b) comprising chemically modified nucleotides, preferably selected from the group of oxidized nucleotides and/or deaminated nucleotides, most preferably selected from the group consisting of 7,8-dihydro-8-oxoadenine, 7,8-dihydro-8- oxoguanine, thymine glycol, 5 -hydroxy cytosine 5-hydroxyuracil and/or c) being derived from formaldehyde or para-formaldehyde embedded tissue.

10. The method according to any one of claims 1-9, wherein at least one species of

nucleotide derivatives of step c) is a chemically modified nucleotide.

11. The method of claim 10, wherein the nucleotide derivative of step c) comprises at least one species of nucleotide derivatives selected from the group consisting of:

a) oxidized nucleotide derivative, and/or

b) deaminated nucleotides,

c) derivatives comprising at least one sterically demanding side group.

12. The method according to any one of claims 1-11, wherein the template nucleic acid of step b) derives from less than 100 cells, preferably from a single cell.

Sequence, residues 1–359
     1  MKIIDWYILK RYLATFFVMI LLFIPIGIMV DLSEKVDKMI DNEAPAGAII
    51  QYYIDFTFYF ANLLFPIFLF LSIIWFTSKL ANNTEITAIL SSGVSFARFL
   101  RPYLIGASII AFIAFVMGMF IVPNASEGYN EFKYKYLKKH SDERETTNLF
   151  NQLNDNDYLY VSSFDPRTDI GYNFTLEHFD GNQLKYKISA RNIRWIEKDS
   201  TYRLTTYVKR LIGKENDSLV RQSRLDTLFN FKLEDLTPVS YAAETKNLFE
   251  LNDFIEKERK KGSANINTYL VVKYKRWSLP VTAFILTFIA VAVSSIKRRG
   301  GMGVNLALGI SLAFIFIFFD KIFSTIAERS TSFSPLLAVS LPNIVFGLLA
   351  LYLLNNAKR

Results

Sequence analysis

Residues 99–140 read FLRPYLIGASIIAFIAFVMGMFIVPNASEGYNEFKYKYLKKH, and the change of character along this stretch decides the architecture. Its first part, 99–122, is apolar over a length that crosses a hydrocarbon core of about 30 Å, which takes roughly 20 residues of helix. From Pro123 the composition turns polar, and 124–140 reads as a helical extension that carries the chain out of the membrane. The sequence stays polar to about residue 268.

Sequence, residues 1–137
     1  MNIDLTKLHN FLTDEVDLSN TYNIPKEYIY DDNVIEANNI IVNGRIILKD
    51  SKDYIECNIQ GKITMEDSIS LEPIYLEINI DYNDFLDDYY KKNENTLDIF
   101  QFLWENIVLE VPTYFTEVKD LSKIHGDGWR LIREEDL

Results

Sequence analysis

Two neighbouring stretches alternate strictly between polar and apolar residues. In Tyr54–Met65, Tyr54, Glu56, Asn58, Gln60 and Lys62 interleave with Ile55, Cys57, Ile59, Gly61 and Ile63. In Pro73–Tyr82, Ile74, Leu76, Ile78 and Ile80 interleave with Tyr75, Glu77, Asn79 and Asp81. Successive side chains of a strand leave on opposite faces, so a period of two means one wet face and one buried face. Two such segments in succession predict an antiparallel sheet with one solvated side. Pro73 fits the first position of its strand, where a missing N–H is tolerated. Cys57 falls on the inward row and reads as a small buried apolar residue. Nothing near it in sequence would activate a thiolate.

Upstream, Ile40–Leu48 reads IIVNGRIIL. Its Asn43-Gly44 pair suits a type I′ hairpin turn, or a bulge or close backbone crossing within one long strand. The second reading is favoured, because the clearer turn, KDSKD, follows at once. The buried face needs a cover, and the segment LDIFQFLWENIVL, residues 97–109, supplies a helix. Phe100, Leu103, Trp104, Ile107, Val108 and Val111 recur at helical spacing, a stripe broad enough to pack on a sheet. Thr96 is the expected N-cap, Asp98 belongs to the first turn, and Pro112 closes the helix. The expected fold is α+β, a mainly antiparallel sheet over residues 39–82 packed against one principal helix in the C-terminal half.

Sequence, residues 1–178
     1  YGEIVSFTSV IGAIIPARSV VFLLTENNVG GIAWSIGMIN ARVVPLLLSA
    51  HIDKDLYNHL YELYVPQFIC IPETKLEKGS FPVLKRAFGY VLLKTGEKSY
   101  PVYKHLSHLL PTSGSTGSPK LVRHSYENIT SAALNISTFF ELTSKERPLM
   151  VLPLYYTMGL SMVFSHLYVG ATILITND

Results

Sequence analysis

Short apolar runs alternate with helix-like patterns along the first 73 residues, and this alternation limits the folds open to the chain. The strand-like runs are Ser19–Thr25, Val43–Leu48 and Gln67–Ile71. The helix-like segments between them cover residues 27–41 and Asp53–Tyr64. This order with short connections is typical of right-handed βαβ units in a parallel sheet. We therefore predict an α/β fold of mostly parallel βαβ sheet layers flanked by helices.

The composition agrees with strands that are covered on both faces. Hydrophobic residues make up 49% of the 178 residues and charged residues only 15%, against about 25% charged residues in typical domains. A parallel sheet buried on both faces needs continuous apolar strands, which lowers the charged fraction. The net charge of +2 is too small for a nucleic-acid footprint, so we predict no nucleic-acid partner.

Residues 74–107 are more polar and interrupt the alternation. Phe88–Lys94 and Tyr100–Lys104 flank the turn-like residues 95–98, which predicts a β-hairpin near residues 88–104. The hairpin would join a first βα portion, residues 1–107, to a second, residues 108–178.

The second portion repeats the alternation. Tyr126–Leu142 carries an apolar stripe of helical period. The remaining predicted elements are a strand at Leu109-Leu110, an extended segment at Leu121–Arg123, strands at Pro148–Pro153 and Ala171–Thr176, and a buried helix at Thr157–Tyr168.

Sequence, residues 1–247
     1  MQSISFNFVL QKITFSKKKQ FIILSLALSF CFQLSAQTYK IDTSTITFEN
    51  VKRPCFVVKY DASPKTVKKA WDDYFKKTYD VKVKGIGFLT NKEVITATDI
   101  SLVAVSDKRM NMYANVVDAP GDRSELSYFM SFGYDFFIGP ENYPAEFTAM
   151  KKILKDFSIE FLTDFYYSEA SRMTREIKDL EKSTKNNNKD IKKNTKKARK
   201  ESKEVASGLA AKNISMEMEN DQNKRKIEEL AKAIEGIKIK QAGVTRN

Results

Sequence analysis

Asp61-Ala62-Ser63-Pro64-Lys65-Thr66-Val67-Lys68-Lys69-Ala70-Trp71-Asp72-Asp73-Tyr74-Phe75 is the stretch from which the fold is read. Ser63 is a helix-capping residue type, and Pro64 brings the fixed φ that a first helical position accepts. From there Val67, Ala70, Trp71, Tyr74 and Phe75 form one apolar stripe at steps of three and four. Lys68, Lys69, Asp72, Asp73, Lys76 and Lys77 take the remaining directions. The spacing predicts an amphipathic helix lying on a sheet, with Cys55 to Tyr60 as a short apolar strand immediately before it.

13. The method according to any one of claims 1-12, wherein the amplification of

contaminant DNA is suppressed.

14. A polymerase or polymerase conjugate as defined in step a) of any one of the claims 1- 13 for use in a method according to any one of the claims 1-13.

15. A method for detecting modifications, in particular for detecting products of oxidation processes, in a DNA template, comprising DNA replication according to steps a) - f): a. providing

i. a polymerase, or

ii. a polymerase conjugate,

wherein the polymerase, or the polymerase moiety of the polymerase conjugate having a sequence that is at least 70% identical to SEQ ID NO: 1 and further comprises polymerase and primase activity, and b. providing a template nucleic acid, and

c. providing nucleotides and/or nucleotide derivatives for incorporation in a

complementary strand of nucleic acids, and

d. providing a suitable buffer, and

e. optionally providing one or more primers, and